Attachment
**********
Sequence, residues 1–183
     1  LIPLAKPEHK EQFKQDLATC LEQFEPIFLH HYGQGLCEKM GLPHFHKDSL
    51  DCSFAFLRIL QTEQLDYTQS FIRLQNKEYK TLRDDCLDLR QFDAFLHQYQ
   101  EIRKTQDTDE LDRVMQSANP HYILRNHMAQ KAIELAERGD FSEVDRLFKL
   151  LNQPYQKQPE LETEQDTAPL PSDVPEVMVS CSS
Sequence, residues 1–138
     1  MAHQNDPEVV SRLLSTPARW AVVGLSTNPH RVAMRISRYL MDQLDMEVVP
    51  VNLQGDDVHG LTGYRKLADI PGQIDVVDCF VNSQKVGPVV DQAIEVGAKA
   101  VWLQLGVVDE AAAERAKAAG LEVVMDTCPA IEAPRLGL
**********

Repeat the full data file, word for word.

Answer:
Sequence, residues 1–183
     1  LIPLAKPEHK EQFKQDLATC LEQFEPIFLH HYGQGLCEKM GLPHFHKDSL
    51  DCSFAFLRIL QTEQLDYTQS FIRLQNKEYK TLRDDCLDLR QFDAFLHQYQ
   101  EIRKTQDTDE LDRVMQSANP HYILRNHMAQ KAIELAERGD FSEVDRLFKL
   151  LNQPYQKQPE LETEQDTAPL PSDVPEVMVS CSS
Sequence, residues 1–138
     1  MAHQNDPEVV SRLLSTPARW AVVGLSTNPH RVAMRISRYL MDQLDMEVVP
    51  VNLQGDDVHG LTGYRKLADI PGQIDVVDCF VNSQKVGPVV DQAIEVGAKA
   101  VWLQLGVVDE AAAERAKAAG LEVVMDTCPA IEAPRLGL